No matter how prepared you are, a job interview can be a daunting experience. What you say and how you express it during an interview is critical in supporting the interviewer in determining whether you are a suitable candidate and a great match for their business and environment.
But knowing what not to say is just as important as knowing what you should say.
This article takes a closer look at what you should aim to avoid saying throughout an interview, as well as ideas and examples of what you can say instead.
Table of Contents
“Sorry I’m Late”
This one goes without saying, but you must never be late to a job interview. No matter what excuse you come up with, it isn’t going to fly, and it’ll have a huge negative impact on how the interviewer views you and your approach to the job.
Being punctual is essential in every workplace, and being late to the interview gives the employer a taste of how unorganized you can be, even when it’s really important.
Likewise, you shouldn’t find yourself apologizing for being early either. If you rock up to the interview location 30 minutes before the scheduled time, you run the risk of making the employer feel guilty or under pressure right off the bat, which is only going to be a negative thing.
You should arrive at a job interview 5-10 minutes ahead of the scheduled time, no earlier, no later.
“I’m Feeling So Nervous”
Even if you are feeling nervous, you should never let the interviewer know this. Companies are looking to hire people that are confident in their skills and abilities, so don’t give yourself away right off the bat.
Besides, if you’re that nervous, the employer will probably pick up on that on their own. But if you work through this, the interviewer is likely to be more impressed with how well you handle your anxiety in stressful situations. Honesty isn’t always the best policy, in job interviews, fake it ‘til you make it!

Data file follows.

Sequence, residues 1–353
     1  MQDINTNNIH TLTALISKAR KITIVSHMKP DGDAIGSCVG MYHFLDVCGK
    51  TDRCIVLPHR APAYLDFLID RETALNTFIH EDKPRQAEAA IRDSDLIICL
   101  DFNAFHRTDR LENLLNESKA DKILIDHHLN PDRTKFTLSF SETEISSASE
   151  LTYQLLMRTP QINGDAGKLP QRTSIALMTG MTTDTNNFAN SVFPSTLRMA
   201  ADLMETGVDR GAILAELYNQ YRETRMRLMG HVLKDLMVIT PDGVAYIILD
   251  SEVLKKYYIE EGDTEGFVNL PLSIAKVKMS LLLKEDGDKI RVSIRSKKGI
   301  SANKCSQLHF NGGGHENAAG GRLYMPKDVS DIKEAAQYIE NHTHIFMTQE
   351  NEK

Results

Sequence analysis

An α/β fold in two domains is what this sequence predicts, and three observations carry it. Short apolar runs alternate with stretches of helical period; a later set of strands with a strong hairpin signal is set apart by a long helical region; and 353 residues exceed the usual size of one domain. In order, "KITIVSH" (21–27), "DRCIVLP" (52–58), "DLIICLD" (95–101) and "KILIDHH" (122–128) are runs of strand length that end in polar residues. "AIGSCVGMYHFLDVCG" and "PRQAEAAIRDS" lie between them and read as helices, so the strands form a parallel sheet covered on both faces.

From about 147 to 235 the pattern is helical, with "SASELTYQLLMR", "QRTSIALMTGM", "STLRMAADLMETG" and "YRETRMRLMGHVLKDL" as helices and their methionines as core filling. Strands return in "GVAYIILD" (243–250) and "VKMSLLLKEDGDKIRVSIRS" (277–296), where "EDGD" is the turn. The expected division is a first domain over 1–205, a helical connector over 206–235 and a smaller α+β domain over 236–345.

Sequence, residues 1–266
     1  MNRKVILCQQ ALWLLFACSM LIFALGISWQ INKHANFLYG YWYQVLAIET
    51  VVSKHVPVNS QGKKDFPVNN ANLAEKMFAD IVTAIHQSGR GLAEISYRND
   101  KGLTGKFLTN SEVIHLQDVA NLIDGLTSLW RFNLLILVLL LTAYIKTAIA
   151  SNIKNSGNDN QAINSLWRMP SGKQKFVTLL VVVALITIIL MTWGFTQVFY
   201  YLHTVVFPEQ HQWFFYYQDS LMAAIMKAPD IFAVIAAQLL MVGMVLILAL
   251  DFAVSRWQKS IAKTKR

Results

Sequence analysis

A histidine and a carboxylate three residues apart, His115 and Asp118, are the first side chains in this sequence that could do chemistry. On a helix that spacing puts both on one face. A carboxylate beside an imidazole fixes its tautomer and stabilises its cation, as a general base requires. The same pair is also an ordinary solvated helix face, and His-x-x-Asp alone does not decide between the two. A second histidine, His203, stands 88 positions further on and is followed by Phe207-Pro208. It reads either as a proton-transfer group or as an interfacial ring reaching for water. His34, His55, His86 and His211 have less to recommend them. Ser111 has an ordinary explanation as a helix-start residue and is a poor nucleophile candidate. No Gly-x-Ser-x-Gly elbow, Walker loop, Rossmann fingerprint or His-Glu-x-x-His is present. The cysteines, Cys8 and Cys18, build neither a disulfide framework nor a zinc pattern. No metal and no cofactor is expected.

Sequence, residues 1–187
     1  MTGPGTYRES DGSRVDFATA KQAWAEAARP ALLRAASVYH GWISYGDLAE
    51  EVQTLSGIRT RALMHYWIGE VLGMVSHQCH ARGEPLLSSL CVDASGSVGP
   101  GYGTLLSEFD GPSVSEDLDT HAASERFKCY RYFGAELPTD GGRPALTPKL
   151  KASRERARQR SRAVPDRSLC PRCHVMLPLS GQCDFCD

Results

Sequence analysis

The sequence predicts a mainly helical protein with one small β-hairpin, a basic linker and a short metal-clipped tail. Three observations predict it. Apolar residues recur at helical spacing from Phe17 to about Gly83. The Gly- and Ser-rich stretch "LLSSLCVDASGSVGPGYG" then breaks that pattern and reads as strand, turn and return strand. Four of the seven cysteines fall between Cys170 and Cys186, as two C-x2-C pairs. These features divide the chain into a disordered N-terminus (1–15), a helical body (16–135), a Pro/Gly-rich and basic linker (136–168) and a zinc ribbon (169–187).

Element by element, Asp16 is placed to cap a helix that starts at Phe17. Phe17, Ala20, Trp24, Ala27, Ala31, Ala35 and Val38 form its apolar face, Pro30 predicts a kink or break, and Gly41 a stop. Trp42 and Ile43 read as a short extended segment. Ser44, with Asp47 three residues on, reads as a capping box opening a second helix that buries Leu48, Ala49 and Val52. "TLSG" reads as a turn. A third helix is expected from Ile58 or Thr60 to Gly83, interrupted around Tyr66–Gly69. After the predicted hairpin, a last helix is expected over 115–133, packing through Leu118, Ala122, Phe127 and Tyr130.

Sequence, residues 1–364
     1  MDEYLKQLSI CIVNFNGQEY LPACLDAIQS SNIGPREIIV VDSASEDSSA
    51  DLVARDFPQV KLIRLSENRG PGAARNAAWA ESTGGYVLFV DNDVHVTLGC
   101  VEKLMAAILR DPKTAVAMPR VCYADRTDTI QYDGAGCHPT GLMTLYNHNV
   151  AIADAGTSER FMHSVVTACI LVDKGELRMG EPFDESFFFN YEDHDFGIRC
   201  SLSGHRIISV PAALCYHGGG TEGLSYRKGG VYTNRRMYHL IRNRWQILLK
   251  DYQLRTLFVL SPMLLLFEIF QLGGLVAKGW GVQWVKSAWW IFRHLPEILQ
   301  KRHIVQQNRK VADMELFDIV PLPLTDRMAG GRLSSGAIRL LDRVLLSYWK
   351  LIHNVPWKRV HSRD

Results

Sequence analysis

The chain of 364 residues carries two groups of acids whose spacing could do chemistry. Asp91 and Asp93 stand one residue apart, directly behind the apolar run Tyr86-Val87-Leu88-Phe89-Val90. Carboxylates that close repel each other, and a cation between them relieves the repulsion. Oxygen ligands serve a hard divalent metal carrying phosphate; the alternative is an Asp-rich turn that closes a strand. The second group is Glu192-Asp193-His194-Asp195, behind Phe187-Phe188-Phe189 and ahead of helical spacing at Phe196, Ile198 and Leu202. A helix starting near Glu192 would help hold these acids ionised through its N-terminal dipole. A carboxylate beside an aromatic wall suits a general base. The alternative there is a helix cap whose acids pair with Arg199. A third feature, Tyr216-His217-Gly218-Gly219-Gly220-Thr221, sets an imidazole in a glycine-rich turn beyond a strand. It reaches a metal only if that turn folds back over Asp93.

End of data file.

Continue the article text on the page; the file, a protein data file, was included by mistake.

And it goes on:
“What Does This Role Involve?”
You should never need to ask this question in an interview as you should already know the answer. By asking about what the role involves, it shows the interviewer that you haven’t properly read the job description and advertisement prior to applying.
Study the job description diligently before walking into your interview and come equipped with questions about specific tasks involved in the role rather than asking what the job involves as a whole.
“What Do You Do?”
You shouldn’t need to know what the interviewer does, as you should already know enough about the company.
Also, asking the interviewer about their role can be seen as deflecting and they may think you’re trying to waste their time and avoid more important details.
“My Last Job Was The Worst”
You should never, ever openly mock a former employer or company in an interview, regardless of how bad the employment was.
Maintain a neutral to positive tone, emphasizing what you’ve learned from each encounter and what you hope to do in the future. This is especially true when discussing your reasons for leaving.
Positive responses to these questions might help reassure the recruiter that you will be a better match for their company’s culture and that you will not make negative comments about them further down the road.
When addressing questions regarding your prior company, aim to concentrate on what the position you’re applying for has to give that your previous employer didn’t.
“I Don’t Have Any Weaknesses”
Everybody has a weakness that they need to improve on, but if you claim you don’t, the interviewer will simply not trust you.